Sunday morning (this morning) I slept in and was late meeting up with Pill Ku. He lives in Gyongsam, close to Yeongnam University, where he and his gf study. He has never been outside of Korea and has never had a foreigner friend... until I stopped him on the street for directions! Kim Pill made a traditional Korean lunch with lotus root, 3 types of kimchi, bulgalbi, good-health bean sauce, rice, chamchi (tuna), glutunous rice balls, and these really interesting nut-like objects that he said are good for your stomach, and also are part of the 5-grain rice ingredients.

We traded English / Korean lessons, did some norebang, and then rode his motorcycle to his dad's workplace (his dad manufactures window frames). It's cool because motorcycle laws are much more lax here; you can weave in and out of traffic, make turns that would be illegal back home, and pass cars on the shoulder. My knees were nearly scraped off as we squeezed through traffic. We went by some humungous, neatly stacked piles of shrubbery, some of which were being lit on fire, probably for the moon festival. People milled about, flying old-fashioned kites. Then Kim Pill stopped and asked if I wanted to go slow, or fast. FAST!!!!! I said, and we reached a nice healthy 147 km/h on an open stretch of countryside, with brown, sunny mountains all around. There was a small cat at his dad's company that was so docile, you could pick it up by the scruff of it's neck or pretty much any body part and it kept purring.

I was going to go shopping downtown again tonight for the trip next weekend, but I was too tired, and by the time I woke up the stores were closed. So I'm just staying in to pack and watch more Lost. Brent just got back from Seoul with his gf. They went to club M2 and danced on the stage all night! Woo!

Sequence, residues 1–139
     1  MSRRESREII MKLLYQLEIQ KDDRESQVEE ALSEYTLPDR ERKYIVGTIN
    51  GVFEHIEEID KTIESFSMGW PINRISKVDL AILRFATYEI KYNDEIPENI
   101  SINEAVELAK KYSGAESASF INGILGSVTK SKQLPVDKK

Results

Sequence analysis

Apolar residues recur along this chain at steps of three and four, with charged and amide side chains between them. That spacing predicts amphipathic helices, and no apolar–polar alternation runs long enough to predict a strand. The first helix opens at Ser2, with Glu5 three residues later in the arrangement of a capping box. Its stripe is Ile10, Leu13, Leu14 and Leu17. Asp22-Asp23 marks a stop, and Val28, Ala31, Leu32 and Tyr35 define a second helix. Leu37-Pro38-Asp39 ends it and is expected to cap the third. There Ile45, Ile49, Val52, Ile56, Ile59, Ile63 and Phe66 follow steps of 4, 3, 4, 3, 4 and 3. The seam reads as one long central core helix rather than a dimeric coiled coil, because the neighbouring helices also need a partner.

Tuesday, February 07, 2006


Success! Korea as a collective is teaching me how to salsa! This adventure is definitely worthy of a blog entry. About 4 months ago I made a post on Dave's ESL cafe asking if anyone knew of places offering salsa lessons in Daegu. Someone responded with info on a few clubs, but due to a repetitive barrage of sickness the past few months, I had to keep postponing investigation. Lo, I am well now. So after my last class at 7:30 today, I beelined over to Kyungpook National University via subway for the 8:00 salsa lesson. When I got there, I called the nightclub's number for further directions, as they supposedly could speak English. Nada... the guy eventually hung up on me. So I wandered outside looking for the major intersection, resigned to the fact that I might not find the club for a while. Then I started asking random passerby. They were very helpful, and one of them even offered to escort me all the way to the club.

On the way there, I found out my kind escort's name was Kim Pill Ku, and his nickname/English name was 'Feel Good,' as it sounds like Pill Ku. Feel Good is my age, and a Seoul resident currently studying at Yongnam University here in Daegu. We had a good laugh about how he was giving me the 'Feel Good Tour.' Feel Good even called the club and asked them in Korean how to get there. We exchanged #'s and are going to meet up to exchange language lessons this weekend. So I got to the club, and it was a cozy little thing in the middle of nowhere. I peeked in the room and saw a couple clusters of older Koreans (Age 30-40) standing around. It looked pretty dead.

Of course, they all stared as I walked in, wondering how on earth a lone weigook got so lost as to find her way into such a remote club. I wasn't sure if the class had already finished or hadn't yet started, as it was so dead. But I waited around, twiddling my thumbs, and then a few more people trickled in until there were maybe 25 in total, and dancing commenced at 8:30. A cool lady in her mid-30's named Genie grabbed me and started coaching me on the forward/backwards basic. Holy crap, was I ever off! What I've been practicing on my own has been devoid of a whole bunch of little nuances.. so much so, that what they were doing looked completely different.